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The AAPG/Datapages Combined Publications Database

AAPG Bulletin


Volume: 69 (1985)

Issue: 2. (February)

First Page: 291

Last Page: 291

Title: In-Situ Rock/Water Geochemistry of Holocene Radial and Tangential Ooid Sediment, Baffin Bay, Texas: ABSTRACT

Author(s): Douglas G. Neese, John D. Pigott

Article Type: Meeting abstract


The crystal fabric in ooids from the shoreline of Kleberg Point (Baffin Bay) is predominantly tangentially oriented aragonite; however, multiple fabric elements (radial and tangential crystals) occur in ooids with mineralogies of both aragonite and 10.3-mole % magnesium calcite. Aragonite occurs as both radial and tangentially oriented crystals, whereas, high Mg-calcite exists only in a radial crystal orientation. High Mg-calcite occurs as an outermost coating surrounding aragonite, and also as an envelope about aragonite that encloses quartz nuclei.

Seasonal diurnal measurements were made in ambient bay water and water in the ooid sediment. Cyclic diurnal changes occurred in both the ambient and pore water, with the largest change occurring during the summer. Measured extremes for the summer ambient waters are: day = 32.7°C, pH of 8.22, AlkC of 3.14 meq, and H2CO3* of 10-5.07; and night = 28.3°C, pH of 8.11, AlkC of 2.54 meq, and H2CO3* of 10-4.88. Chlorinity (27.93 ^pmil), ACa2+ (2.7 × 10-3 moles/L), and AMg2+ (2.8 × 10-2 moles/L) showed little diurnal variation. Aragonite saturation was greatest during the day with ^OgrARAG-ambien = 3.25-1.95; and ^OgrARAG-pore = 4.07-2.52. Both pH and AlkC decrease with depth, whereas H2CO3* increases. The ^OgrARAG increases in the uppermost 10 cm of sediment and decreases with depth. Both ambient and pore waters are supersaturated with respect to a 10.3-mole % Mg-calcite.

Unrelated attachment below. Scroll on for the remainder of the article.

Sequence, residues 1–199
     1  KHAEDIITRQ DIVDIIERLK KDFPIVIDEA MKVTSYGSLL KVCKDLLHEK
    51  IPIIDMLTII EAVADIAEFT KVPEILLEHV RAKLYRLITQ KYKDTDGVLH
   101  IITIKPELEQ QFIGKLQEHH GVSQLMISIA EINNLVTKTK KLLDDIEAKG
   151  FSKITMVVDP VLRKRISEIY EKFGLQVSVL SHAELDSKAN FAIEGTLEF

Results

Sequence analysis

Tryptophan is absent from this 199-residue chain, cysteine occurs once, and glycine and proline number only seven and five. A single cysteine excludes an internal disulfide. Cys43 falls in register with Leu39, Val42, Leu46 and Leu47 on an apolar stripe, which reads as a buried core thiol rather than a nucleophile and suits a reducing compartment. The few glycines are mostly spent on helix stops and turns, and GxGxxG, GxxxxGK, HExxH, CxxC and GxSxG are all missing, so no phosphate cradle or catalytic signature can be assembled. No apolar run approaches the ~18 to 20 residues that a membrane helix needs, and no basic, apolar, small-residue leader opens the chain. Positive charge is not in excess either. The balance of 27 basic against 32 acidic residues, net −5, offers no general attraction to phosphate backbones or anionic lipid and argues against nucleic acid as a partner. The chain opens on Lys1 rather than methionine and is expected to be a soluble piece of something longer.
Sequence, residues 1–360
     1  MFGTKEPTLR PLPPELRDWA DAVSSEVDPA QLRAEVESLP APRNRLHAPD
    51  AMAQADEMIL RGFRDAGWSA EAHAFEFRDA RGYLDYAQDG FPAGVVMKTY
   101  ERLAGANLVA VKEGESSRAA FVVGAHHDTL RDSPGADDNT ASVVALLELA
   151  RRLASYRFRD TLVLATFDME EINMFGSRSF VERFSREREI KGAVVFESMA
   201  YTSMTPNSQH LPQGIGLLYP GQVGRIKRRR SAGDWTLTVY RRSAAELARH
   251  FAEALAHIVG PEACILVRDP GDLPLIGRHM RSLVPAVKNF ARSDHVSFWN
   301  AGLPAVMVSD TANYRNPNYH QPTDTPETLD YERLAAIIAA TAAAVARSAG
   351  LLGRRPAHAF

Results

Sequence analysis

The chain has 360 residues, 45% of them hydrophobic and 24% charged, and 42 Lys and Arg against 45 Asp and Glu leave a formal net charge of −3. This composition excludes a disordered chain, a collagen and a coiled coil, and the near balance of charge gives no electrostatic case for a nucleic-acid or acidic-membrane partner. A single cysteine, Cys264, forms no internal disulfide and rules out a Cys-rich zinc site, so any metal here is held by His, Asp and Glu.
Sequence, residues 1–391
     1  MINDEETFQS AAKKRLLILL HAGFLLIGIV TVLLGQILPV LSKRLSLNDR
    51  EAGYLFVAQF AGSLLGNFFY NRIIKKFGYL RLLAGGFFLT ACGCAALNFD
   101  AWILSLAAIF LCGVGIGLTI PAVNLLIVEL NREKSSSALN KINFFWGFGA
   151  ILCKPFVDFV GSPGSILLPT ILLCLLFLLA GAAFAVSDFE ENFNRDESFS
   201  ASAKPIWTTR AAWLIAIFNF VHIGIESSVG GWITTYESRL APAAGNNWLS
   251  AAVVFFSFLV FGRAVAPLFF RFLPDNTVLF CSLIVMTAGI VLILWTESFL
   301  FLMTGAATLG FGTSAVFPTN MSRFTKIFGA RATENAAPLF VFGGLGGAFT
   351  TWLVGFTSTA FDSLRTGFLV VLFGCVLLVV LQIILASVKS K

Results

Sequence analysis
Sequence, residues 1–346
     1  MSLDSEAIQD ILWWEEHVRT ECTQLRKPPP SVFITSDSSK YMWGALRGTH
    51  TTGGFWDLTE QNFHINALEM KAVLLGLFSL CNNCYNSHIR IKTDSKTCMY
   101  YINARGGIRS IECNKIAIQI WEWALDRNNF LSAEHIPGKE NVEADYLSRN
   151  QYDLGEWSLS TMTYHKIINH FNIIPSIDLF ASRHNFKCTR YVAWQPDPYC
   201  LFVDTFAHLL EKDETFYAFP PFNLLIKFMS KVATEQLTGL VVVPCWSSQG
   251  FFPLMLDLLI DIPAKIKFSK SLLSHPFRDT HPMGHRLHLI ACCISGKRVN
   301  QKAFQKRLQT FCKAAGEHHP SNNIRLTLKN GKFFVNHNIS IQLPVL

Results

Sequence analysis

Maximum ^SgrCO2 in the ooid sediment occurs during the mid-afternoon, and increases with increasing sediment depth. A decrease in H2CO3*, produced through respirative processes with increasing sediment depth, indicates that precipitation is taking place in the sediment column, as the greater proportion of H2CO3* with increasing sediment depth is caused by precipitative processes. The differing mineralogy and ooid fabric is a product of changes in both water chemistry and energy.

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